Back to the business at hand - I saw all three movies today and I have opinions on all of them. I'll try to be as brief as possible, as not to spoil anything (though I make no guarantees) and write about them in the order I saw them.
Many people told me their opinion of this movie; one particularly stuck with me. At a bar one night, one of my guy friends said he'd seen it and that, like what most other people had said, it was depressing and dreary about relationships. He also added that Kate Winslet's character was certifiably insane, mentally unstable, and that he wouldn't be able to deal with someone like her. I replayed the preview in my mind and thought that it seemed to fit, and perhaps it has something to do with her mental instability and the dissolution of their marriage. Cut to today, seeing the movie, and the woman (living in 1950s suburbia) that Kate Winslet portrays is in no way mentally incompetent... these are emotional reactions to emotional issues: if she's crazy, then he is, too. Anyways - had to get that out.
The film is definitely an emotional wallop; even the quiet moments are full of questions and intensity. I didn't feel drained, though, I liked it. It provoked a lot of thought and kept me interested in the characters throughout - hard to do early on a Saturday morning. These performances are terrific: Leonardo DiCaprio continues to amaze (yo, when is he getting an award??), Winslet was perfect, as well as standout supporting actors like Oscar-nominated Michael Shannon. I was surprised I liked it. I was surprised I liked Sam Mendes' directing...and how reminiscent it was in themes and visuals as his previous Oscar contender, American Beauty. It was shot beautifully. The only thing that took me out of the movie was the piano-driven score - it reminded me too much of the piano parts in American Beauty's score. But it still fit into this film. In summary, yes, the movie was depressing and intense and the characters are nearly unlikable - but they feel real and not entirely callous, well, at least not all of the time. I liked it.
I have a problem with the glorification of the male coming-of-age story. It's not the main plotline in The Reader, but it's there in this movie in the form of the main character, who is played by Ralph Fiennes in his older years. I found his character, the protagonist of the film, completely and utterly unlikable. In fact, pathetic. Let me back up; I liked the movie when it started and the way his character found himself having an affair with an older woman (Kate, again) and learning from the sex and the eventual love. I thought the rest of it sucked. Winslet, as always, phenomenal. But she was better in Revolutionary Road. The movie (or perhaps it's the story? I'm not sure, I haven't read the book...), never settles. There was too much being thrown into the mix in an illogical manner, and I think it comes off heavy-handed a lot. And at the same, the movie is boring. I don't even know how to explain all of this. It was awful. I can't believe it's nominated for Best Picture. Though I'm pretty sure Harvey Weinstein, the power producer, made that happen. I would have nominated Wall-E, Dark Knight, and Revolutionary Road over this tripe.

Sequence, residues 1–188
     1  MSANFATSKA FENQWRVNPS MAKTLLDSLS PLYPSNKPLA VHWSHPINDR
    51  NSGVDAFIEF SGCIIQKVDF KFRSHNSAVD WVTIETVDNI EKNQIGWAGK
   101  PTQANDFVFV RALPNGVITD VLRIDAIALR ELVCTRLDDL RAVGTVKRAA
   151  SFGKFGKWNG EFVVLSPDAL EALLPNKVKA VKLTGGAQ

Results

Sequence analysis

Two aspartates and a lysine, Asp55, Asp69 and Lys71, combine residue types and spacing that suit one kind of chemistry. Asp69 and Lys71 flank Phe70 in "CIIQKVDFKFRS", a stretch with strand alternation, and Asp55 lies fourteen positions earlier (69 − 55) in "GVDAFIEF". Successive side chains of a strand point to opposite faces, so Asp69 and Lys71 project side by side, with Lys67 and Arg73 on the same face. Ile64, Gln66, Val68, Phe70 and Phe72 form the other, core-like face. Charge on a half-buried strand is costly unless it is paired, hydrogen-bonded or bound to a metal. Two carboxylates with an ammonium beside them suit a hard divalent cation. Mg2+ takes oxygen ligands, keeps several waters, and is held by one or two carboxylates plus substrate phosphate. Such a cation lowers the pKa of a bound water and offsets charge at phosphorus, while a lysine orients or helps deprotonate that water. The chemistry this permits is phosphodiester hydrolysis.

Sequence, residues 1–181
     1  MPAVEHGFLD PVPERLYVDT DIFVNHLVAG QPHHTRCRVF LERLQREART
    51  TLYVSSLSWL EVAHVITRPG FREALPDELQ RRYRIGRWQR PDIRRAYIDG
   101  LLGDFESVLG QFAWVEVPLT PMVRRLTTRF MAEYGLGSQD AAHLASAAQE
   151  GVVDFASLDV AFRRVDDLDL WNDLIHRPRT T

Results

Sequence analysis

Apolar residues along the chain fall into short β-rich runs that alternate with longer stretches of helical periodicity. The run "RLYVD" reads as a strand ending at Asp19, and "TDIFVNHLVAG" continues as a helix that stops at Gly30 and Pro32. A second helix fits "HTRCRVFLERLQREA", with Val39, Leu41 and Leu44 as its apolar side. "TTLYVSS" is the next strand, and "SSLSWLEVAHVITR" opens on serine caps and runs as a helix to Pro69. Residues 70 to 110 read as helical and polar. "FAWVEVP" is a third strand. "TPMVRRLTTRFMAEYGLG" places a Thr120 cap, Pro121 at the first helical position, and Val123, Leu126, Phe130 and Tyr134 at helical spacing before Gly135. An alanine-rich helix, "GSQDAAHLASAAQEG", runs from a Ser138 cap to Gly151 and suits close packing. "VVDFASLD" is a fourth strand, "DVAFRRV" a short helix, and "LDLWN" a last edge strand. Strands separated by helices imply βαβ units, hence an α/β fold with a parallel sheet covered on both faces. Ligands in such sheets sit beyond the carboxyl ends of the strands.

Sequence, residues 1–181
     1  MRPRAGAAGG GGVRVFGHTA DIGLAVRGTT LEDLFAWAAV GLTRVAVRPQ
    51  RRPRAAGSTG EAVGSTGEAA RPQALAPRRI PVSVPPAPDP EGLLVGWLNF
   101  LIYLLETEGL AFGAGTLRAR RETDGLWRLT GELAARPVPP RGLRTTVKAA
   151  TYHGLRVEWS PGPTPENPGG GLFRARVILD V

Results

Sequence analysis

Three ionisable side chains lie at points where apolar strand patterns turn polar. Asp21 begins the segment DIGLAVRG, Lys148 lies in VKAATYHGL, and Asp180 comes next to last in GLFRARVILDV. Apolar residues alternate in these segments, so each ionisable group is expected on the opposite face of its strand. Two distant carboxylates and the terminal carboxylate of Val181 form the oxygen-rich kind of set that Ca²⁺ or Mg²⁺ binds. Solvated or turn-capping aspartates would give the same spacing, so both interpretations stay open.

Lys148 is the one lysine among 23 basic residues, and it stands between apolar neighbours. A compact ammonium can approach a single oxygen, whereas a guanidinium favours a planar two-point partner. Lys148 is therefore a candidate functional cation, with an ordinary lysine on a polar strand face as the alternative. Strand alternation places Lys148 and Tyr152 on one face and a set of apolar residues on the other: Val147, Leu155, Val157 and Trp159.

Ugh, I can't even post a picture for this movie because any image will just make me angry, I'm sure.
Based on a play, the film is obviously made for the actor's actor. Meryl Streep and Phillip Seymour Hoffman deliver wonderfully; I think it's hard for either of them to be less-than-great. They just are. The script and characters were great - the directing was a little, beginner-esque? There were definitely some elements that brought me back to my film studies classes, though it didn't ruin the movie or anything. What shines (and what rightfully is supposed to) is the writing and these nuns and priests and schoolchildren and their interactions. There's some humor here, too - that didn't happen a lot in the earlier movies, ha - and I think Amy Adams helps here, and will eventually be able to play characters that aren't always so high-pitched and...smiley. I like her, I do, from Junebug to Enchanted, and I'm really looking forward to Sunshine Cleaning, but she needs to start showing some range. She's more solemn here, as a nun in the 1960s, and it works. The other supporting actress nominated here is Viola Davis, who only has one scene to her credit, but plays the character wonderfully. She's a surprising element here. In the end, deserved nominations for all and especially to the script.
There it is. What are your thoughts? Feel free to disagree! I'd actually really like to hear the opinion of someone who liked The Reader, hahaha. Maybe I missed something?
I'll be posting my Oscar thoughts as they near and I finish up my movie-viewing. Last night Erica and I watched Vicky Cristina Barcelona, and while being Woody Allen-y (per usual), it was one of his more enjoyable movies. Though Erica and I agreed that Scarlett Johansson is actually not a good actress. I have a new hands crush on Javier Bardem, and now I also want to go to Barcelona and lounge about drinking fine wine and listening to Spanish guitar. I love Penelope Cruz, and she's a noteworthy performance here. Having seen all the other actresses' performances in her category, I think she deserves the win - though Viola Davis might be able to best her when they are announced. But more on that later!
I'm off to enjoy some reading...